Gaining Access to Major Elective Surgeries in a Public Tertiary Health Institution in Southeast Nigeria: Evaluating Household Payment Coping Strategies

Ikenna Ifeanyi Nnabugwu,1, 2 Chikezie Nwankwor,1 Fredrick Ugwumba1, 2
1 College of Medicine, University of Nigeria Enugu Campus
2 University of Nigeria Teaching Hospital
Correspondence to: Dr. Nnabugwu Ikenna, PMB 01129 Ituku-Ozalla; email:


Background: The Lancet Commission on Global Health recommends that by 2030 no household should be impoverished while accessing needed surgical operation. Meeting this target in Nigeria is challenging. This study aims to evaluate the payment coping strategies adopted by households in southeast Nigeria in gaining access to needed major surgeries electively. The findings will aid in designing policies towards improving access to needed surgical care. Methods: A hospital-exit cross-sectional survey of households that accessed major surgeries electively from the study health institution from July to December 2017. Payment coping strategies were compared across household wealth quintiles and household characteristics. SPSS® version 20 was used for analysis. Results: Household characteristics associated with deployment of extreme payment coping strategies were: household size >6 persons (p=0.001), female-headed households (p=0.001) and lower formal education of household heads (p=0.004), but not household socio-economic status (p=0.16). Whereas 98.7% of uninsured households and 88.5% of insured households drew from household savings, 61.4% of uninsured households and 26.9% of insured households deployed further payment coping strategies beyond drawing from savings (p=0.05). Conclusion: Extreme hardship financing is evidently prevalent among uninsured households accessing major surgical operation electively, irrespective of household socio-economic status.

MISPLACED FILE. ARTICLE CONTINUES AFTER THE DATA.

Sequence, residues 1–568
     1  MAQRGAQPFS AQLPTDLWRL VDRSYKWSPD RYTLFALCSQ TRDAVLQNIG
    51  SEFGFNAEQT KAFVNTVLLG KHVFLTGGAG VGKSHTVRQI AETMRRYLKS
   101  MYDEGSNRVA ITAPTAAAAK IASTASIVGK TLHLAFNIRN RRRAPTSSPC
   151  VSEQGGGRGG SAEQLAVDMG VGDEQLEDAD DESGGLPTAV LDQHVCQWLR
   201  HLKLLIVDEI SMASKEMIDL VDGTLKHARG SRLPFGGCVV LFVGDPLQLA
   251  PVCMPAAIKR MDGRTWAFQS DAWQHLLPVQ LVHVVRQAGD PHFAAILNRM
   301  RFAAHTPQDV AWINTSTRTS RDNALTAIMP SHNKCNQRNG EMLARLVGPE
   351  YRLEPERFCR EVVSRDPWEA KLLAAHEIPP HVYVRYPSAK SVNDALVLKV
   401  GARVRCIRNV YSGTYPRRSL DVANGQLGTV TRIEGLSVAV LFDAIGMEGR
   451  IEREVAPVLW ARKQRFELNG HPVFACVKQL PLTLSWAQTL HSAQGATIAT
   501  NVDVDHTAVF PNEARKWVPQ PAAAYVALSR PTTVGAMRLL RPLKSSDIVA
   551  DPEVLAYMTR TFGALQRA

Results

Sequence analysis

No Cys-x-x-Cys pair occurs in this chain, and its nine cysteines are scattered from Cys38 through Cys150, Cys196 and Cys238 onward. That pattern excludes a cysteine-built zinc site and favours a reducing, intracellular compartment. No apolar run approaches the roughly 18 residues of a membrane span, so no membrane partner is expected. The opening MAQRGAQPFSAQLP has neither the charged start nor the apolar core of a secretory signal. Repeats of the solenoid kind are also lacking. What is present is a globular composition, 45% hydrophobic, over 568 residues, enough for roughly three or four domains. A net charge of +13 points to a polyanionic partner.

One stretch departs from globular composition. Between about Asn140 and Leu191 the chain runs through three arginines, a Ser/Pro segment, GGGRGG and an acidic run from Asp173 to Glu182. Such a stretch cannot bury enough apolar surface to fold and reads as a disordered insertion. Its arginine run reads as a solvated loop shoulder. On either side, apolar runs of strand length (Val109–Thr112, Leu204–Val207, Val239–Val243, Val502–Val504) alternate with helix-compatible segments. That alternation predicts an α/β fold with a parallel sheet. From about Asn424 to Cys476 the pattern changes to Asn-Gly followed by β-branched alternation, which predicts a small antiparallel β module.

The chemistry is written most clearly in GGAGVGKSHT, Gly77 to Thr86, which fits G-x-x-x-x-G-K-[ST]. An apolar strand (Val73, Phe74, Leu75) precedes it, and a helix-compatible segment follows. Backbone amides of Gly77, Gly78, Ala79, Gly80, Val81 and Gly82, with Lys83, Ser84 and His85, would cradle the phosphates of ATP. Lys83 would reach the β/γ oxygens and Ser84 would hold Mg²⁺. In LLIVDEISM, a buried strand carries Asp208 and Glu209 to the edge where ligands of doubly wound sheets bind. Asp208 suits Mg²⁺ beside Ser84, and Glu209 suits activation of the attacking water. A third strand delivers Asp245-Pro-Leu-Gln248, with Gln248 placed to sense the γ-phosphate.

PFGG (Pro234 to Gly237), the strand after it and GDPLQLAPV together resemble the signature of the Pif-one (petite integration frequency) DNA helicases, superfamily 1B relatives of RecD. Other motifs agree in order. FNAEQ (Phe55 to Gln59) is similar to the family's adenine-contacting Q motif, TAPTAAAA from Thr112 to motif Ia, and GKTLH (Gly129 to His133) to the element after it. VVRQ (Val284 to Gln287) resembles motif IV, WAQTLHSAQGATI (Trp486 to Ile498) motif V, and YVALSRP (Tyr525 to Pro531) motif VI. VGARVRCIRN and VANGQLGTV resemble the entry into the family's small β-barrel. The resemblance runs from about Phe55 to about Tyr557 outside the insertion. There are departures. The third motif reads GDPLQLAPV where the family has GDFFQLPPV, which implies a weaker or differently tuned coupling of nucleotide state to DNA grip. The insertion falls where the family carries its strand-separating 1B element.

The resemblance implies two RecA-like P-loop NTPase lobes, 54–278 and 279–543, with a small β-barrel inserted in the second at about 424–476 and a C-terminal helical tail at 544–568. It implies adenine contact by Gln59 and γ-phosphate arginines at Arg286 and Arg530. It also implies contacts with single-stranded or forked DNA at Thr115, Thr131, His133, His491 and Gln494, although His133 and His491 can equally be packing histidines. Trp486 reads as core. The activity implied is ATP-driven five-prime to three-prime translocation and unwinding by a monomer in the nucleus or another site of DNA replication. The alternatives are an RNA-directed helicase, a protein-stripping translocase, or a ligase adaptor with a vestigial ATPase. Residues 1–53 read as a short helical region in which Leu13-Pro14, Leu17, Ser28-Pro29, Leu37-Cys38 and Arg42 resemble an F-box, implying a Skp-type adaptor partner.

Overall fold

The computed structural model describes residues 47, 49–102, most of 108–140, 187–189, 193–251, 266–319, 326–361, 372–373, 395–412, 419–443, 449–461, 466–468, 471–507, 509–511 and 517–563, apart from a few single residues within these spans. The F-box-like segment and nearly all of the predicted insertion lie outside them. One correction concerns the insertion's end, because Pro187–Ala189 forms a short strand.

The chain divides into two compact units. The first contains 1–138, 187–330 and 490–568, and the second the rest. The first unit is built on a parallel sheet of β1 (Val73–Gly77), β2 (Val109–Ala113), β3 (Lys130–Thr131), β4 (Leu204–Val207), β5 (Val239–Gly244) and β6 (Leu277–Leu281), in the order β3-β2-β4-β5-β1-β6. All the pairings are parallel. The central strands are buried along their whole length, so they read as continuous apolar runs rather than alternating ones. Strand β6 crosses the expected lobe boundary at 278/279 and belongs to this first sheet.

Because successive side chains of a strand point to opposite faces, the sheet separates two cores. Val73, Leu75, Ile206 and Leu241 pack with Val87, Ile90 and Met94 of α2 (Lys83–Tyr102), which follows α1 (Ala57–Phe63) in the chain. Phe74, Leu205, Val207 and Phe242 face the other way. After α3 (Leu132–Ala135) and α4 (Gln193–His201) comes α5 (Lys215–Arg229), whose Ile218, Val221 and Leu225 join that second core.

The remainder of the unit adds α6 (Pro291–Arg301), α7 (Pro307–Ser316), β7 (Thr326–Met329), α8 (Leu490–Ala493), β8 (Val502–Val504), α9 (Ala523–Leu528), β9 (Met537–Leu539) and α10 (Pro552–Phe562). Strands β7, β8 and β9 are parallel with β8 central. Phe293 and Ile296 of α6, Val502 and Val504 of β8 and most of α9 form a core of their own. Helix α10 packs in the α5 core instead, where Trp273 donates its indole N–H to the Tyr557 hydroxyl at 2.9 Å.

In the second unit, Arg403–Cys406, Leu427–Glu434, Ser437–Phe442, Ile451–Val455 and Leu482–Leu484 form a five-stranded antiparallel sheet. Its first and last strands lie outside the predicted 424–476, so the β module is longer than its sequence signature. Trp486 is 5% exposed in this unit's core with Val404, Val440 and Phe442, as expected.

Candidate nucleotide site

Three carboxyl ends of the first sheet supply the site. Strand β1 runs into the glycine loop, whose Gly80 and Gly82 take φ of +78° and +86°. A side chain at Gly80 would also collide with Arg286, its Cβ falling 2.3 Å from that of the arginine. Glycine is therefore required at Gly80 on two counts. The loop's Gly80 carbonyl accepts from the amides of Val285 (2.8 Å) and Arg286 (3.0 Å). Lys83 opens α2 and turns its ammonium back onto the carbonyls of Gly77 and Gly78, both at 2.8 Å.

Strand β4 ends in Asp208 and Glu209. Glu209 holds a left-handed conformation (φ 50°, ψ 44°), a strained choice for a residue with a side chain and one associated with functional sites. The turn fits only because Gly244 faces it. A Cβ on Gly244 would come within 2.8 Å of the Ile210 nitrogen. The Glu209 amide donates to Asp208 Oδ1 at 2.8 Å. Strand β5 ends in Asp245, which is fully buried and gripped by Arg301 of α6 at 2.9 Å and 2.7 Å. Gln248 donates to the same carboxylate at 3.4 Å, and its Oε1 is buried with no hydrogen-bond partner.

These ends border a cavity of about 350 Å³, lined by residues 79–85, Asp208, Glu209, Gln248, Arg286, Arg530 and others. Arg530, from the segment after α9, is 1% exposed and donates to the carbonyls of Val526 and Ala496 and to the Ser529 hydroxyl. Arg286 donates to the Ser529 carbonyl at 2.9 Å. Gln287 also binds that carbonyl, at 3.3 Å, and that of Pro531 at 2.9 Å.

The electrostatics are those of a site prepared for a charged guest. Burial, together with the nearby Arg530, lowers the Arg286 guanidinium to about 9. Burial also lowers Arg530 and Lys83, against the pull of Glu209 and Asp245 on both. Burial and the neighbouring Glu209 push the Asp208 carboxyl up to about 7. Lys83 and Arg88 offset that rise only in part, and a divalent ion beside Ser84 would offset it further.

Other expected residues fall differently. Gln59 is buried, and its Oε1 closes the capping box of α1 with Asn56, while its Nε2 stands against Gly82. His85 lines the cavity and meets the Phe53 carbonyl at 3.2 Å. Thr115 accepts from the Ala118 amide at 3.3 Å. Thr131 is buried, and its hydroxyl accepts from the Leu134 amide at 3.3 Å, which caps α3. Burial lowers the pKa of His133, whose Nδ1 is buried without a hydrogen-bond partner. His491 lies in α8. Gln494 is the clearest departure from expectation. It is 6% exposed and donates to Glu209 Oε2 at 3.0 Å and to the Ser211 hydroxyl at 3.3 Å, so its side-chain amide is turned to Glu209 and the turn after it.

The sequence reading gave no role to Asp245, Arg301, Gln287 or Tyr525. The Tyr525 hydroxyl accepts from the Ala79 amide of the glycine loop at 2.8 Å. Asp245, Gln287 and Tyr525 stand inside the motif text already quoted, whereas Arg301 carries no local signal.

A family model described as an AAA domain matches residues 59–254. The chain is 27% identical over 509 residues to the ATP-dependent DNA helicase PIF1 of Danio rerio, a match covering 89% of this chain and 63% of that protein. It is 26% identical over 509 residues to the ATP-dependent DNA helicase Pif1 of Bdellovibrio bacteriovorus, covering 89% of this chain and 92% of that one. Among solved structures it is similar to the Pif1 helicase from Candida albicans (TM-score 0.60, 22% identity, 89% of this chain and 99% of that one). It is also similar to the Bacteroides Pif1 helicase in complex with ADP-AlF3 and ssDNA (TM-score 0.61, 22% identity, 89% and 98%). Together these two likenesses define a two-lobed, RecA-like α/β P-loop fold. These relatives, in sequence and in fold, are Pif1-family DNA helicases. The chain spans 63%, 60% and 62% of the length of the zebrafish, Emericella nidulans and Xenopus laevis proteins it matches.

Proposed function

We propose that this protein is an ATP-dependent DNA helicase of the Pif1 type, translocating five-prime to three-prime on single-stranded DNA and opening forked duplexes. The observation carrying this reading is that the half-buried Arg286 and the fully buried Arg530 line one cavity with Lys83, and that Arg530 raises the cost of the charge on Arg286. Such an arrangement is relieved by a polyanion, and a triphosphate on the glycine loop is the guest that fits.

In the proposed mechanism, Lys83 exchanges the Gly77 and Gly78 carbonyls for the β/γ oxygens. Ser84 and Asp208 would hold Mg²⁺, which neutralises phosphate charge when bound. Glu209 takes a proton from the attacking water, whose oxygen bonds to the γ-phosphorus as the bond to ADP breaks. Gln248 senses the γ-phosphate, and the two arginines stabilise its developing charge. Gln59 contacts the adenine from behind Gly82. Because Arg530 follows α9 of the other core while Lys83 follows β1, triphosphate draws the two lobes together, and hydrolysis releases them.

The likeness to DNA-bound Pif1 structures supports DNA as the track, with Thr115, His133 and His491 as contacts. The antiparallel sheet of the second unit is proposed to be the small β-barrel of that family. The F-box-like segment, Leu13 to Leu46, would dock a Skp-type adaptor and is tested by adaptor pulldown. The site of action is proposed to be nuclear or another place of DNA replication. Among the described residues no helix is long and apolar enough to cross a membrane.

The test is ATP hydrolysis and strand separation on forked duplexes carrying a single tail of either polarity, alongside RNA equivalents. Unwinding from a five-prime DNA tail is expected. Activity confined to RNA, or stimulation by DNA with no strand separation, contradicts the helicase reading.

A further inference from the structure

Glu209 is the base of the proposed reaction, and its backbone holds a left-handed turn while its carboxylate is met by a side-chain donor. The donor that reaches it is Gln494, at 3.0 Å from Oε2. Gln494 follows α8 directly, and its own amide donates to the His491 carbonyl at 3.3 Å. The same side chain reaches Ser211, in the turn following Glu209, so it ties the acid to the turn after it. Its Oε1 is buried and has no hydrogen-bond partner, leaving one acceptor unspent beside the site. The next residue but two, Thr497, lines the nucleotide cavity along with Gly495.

Key words: Hardship financing, Payment coping strategies, Out-of-pocket payment

Ann Afr Surg. 2019; 16(2):69–74


Conflicts of Interest: None

Funding: None


The Annals of African Surgery is the official publication of the Surgical Society of Kenya.


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